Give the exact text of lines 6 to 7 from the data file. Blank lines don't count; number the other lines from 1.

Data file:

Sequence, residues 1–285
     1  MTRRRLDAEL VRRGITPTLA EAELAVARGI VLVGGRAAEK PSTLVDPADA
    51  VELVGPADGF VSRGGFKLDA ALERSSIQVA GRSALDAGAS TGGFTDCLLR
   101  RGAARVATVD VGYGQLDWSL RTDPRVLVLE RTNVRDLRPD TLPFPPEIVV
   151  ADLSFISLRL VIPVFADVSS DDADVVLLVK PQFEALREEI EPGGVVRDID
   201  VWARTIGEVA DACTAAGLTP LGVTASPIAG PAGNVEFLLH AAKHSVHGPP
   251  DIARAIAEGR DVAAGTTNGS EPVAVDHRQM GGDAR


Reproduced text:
   201  VWARTIGEVA DACTAAGLTP LGVTASPIAG PAGNVEFLLH AAKHSVHGPP
   251  DIARAIAEGR DVAAGTTNGS EPVAVDHRQM GGDAR